Food collaging: my July harvest

July harvest | Wolves in LondonI’m completely addicted to taking courses.

Photography, blogging, garden design, how to rear alpacas… …you name it, if I’m half interested and there’s a course I could possibly take, chances are I’m going to sign up.

(I often think that if I won the lottery, the best thing of all would just be to take endless courses, learning ever-more-esoteric things, until I pop my clogs and depart this earth. What a heavenly way that would be to spend my days.)

Anyway, when I discovered Skillshare recently, a repository of short (about 30 min) online classes I was immediately hooked. The first thing to catch my eye was a course on food collaging, by Julie Lee of Julie’s Kitchen. (The class is here, if you’re similarly inclined: styling food for instagram.)

If you’ve been reading my blog for a while, you might recall that I used to do a monthly garden moodboard. I really loved it, but after 18 months or so I felt like I had already photographed every single plant in my garden so many times that I’d run out of ways to come up with anything new. So I stopped.

But I thought I’d resurrect these moodboards for the summer months this year, just to show off the highlights of my veg patch.

Following the tips and hints on the course, I put together my first moodboard: purples and greens from my garden in July. This is the pic I posted to my instagram account:

July food collage | Wolves in LondonI’ve got to say, I’m pretty happy with this photo. I mean, both with the photo and with the foodstuffs contained therein. Something that constantly amazes me is the absolute beauty of fruit and veg you’ve grown yourself. I’m sure it’s just the same as the way you think your own kids are the most gorgeous people ever to have walked this earth, but having sown, watered and cared for these little veggies for the past few months, I can’t help but marvel at their delicacy, the intricate patterns and beautiful colours.

Come, take a closer look with me.

Borlotti pod | Wolves in LondonBorlotti pod open | Wolves in LondonBorlotti beans | Wolves in LondonI’m a huge fan of the borlotti bean, despite the fact I fail, spectactularly, every single year to actually grow enough to make more than one single meal.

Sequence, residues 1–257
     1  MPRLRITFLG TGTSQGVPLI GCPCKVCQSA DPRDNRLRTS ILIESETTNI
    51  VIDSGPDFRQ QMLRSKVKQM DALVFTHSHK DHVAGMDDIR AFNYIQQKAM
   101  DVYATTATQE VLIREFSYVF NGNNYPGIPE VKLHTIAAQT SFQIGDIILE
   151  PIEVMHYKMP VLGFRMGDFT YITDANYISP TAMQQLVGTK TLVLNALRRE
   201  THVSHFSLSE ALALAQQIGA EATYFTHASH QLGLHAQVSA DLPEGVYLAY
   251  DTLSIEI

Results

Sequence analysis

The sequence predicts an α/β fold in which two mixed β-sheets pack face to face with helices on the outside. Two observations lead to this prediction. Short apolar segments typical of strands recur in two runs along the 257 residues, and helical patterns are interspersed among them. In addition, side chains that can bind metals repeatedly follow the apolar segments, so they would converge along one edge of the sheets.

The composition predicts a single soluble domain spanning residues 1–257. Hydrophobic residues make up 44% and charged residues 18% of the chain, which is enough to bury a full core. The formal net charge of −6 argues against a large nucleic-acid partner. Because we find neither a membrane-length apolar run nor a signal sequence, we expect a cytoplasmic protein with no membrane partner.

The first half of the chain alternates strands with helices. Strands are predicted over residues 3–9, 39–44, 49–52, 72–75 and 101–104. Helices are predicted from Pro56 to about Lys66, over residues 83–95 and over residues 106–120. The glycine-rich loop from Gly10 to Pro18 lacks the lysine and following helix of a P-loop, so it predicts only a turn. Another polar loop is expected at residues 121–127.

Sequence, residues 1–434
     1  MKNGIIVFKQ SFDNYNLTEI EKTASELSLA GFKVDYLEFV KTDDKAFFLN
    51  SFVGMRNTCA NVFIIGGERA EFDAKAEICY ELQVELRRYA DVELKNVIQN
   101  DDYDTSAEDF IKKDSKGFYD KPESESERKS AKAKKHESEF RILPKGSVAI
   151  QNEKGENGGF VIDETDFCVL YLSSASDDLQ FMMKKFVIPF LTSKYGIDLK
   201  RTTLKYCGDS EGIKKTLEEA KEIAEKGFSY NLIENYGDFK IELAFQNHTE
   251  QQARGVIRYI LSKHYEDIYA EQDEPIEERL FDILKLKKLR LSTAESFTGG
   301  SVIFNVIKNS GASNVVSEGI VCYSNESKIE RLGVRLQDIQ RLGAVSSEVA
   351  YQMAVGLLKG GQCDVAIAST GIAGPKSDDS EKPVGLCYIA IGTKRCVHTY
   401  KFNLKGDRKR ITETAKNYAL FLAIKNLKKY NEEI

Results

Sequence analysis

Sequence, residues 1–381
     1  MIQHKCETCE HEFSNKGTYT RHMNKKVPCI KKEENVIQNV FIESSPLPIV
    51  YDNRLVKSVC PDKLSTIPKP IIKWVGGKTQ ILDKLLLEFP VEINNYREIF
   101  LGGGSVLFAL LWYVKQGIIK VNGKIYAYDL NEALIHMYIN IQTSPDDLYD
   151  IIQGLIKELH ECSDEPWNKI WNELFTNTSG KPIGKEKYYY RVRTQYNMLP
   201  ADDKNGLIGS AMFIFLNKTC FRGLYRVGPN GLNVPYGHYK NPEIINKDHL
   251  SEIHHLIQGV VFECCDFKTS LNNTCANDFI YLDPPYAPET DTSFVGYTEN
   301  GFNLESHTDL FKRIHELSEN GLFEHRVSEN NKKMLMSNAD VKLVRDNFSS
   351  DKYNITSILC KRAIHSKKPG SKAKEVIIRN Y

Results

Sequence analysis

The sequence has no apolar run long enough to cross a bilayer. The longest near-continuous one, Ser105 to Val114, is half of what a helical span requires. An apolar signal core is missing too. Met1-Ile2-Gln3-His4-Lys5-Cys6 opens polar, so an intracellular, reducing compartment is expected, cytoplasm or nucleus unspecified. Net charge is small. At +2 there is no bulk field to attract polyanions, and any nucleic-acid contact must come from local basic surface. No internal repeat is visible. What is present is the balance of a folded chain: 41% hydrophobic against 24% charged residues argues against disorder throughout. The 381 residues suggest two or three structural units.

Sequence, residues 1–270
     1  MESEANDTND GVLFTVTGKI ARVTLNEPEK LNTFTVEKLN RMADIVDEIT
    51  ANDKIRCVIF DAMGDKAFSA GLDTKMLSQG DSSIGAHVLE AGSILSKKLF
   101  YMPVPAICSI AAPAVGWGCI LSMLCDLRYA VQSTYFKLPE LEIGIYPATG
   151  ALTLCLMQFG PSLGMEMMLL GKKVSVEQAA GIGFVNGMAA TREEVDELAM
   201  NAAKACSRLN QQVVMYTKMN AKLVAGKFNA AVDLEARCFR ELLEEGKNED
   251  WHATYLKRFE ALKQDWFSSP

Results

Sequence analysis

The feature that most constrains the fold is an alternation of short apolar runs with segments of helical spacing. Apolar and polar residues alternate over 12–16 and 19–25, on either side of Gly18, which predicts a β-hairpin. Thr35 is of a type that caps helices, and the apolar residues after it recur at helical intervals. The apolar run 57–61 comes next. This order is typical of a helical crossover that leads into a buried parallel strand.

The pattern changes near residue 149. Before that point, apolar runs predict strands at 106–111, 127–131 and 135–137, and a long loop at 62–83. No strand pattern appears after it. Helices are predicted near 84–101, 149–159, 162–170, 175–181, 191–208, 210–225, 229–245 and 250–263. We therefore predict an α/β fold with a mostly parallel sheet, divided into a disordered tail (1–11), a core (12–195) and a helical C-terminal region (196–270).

You could argue that one meal for months of tending a plant is really crappy pay off. And, I have to say, I’m inclined to agree with you. But no matter how many of these I think I’ve planted every year, I always lose hundreds of the plants to slugs and each plant only produces ten or so beans (at least the way I’m growing them…)

Every time I’ve planted them in the ground I’ve lost the entire crop to the voracious slimy beasts, so I keep them in pots now, with a line of copper tape at the top, but I still somehow managed to lose about a quarter of the crop. In fact, the beans in this photo make up the large majority of my entire yearly harvest.

Ah well, small numbers they might be, but just look at them! Surely the most beautiful bean ever to have been created?

Yin yang beans | Wolves in LondonA first for me this year was the yin yang bean (erm, you can see a pattern here, can’t you? Namely that I like a bean with a pattern…) Black and white mottling on the bean inside a green (turning to yellow) pod. It’s another glorious little thing.

Tomatillo | Wolves in LondonRipe tomatillo | Wolves in LondonTomatillo peeled | Wolves in LondonAlso new for me this year is the tomatillo. Basically, a tomato that grows inside its own casing, just like a Chinese gooseberry. Once the tomatillo inside fills the case and starts to burst out a little then you know it’s ready to eat. (Unlike a tomato, they don’t ever turn red.) You can peel back the papery case (which is covered in the most wonderful purpleish veins) and use the tomato inside. They need to be cooked before you eat them but other than that, they seem to taste pretty much the same as a tomato. Apparently, they’re a staple in Mexican cooking. I’ve got five plants growing and they seem to produce a lot of tomatillos each, so I should have a really decent harvest of these.